This modification applies to 4QD series controllers, top boards issues 4 through 8.
As the voltage to a motor is reduced, it will slow down and when the voltage gets low enough, the motor will stop. However – this ‘stop’ voltage is not zero but some small voltage which depends on the motor and the rolling friction. The zero-speed voltage also depends on the gradient of the slope on which the vehicle is moving.
When the reverse switch is operated while the vehicle is moving, the controller automatically slows down, reverses and starts up again (dual ramp reversing). Clearly, to reverse, it is not necessary to slow to zero motor voltage and, by altering the threshold at which reverse occurs, the vehicle’s performance can be altered.
This is the function of the R.A.T. control. It also controls the level at which the electromechanical parking brake power is released. There is also a small time delay on the parking brake.
It is adjustable between two internal thresholds
To our knowledge, no customer has ever bothered to adjust it from the original preset minimum level – so it has turned out to be a good idea which has not proven very popular. However on certain vehicles it has been found that the lower threshold is too high and the parking brake is coming on while the vehicle is still moving – logically this will occur on 48v vehicles (where the threshold corresponds to a higher motor voltage) or on low rolling friction vehicles where the motor stops at very low voltages. On some of these it has indeed been found that the brake comes on when the vehicle is still moving.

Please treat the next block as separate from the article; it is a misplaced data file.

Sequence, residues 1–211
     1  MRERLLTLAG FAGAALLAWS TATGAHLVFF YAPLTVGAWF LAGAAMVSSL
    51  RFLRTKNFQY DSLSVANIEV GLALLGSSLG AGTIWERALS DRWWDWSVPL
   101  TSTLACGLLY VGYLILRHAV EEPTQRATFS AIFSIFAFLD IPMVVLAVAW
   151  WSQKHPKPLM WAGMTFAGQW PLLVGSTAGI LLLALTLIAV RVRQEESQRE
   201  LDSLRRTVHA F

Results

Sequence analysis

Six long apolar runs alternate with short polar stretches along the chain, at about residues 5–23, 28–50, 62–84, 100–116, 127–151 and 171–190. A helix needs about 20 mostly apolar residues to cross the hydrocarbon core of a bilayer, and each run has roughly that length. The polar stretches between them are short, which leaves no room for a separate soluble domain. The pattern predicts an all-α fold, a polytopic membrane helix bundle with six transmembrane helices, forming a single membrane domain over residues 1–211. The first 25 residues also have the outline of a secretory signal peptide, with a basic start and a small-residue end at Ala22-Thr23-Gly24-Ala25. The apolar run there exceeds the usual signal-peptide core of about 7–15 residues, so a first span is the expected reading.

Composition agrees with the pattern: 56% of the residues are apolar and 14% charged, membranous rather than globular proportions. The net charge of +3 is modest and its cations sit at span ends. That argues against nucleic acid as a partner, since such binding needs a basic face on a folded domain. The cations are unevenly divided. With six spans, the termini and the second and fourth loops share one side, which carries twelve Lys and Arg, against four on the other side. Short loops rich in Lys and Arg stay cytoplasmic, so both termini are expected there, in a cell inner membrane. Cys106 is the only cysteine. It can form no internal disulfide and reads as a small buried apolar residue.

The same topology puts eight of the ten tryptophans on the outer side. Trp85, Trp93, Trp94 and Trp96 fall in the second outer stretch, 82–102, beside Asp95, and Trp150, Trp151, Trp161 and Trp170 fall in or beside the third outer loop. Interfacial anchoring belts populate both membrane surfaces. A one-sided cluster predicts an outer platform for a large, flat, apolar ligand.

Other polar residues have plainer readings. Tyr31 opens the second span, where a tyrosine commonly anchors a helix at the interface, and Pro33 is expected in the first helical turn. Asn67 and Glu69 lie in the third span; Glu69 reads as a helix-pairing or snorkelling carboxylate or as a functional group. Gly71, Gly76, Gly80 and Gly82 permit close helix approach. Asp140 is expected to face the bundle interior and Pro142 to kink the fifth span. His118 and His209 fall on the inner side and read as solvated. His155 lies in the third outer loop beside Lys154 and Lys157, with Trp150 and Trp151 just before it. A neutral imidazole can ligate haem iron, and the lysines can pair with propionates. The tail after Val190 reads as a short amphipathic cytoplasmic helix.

The top board of the controller can be modified so that the RAT adjustment minimum is zero armature voltage: details follow. These apply specifically to issue 8 boards (30-15-08) but details are nearly identical back to issue 4. Issue 9 boards are already changed to the new standard.
You will need a 10K preset: we use Piher type PT10H for the modification but any preset that will fit the same holes as the existing one will suffice. You will also need a 2K2 resistor: a miniature (CR16) size is neater, but a standard CR25 size will suffice.
Fit the new 10K preset in its place.
- Cut the track arrowed A.
- Solder a 2K2 resistor between points arrowed B. This is effectively across the points where the preset track was connected, to replace the 2K of the preset.
- Link the ‘free’ end of the preset (arrowed C) to the 0v line which runs around the periphery of the board (E).
- Check your work is correct. Check also for poor joints and shorts to adjacent bits of track.
- Optionally, cut the track to the top end of the preset (lower ‘B’ arrow) and fit a 22K resistor across this cut (i.e. in series with the top of the preset).
If you have a voltmeter, the voltage on the wiper of the preset (to the right of the copper ‘T’) will now adjust betwen zero and about 700mV (or zero and 240mV with the extra 22K resistor in circuit). On the original circuit the lowest setting was about 240mV – which was sometimes too high, so you can now set the threshold to less than 240mV: take a guess depending on how fast your machine was running when the brake came on. Too low a setting and your machine will run-on or roll back on a hill.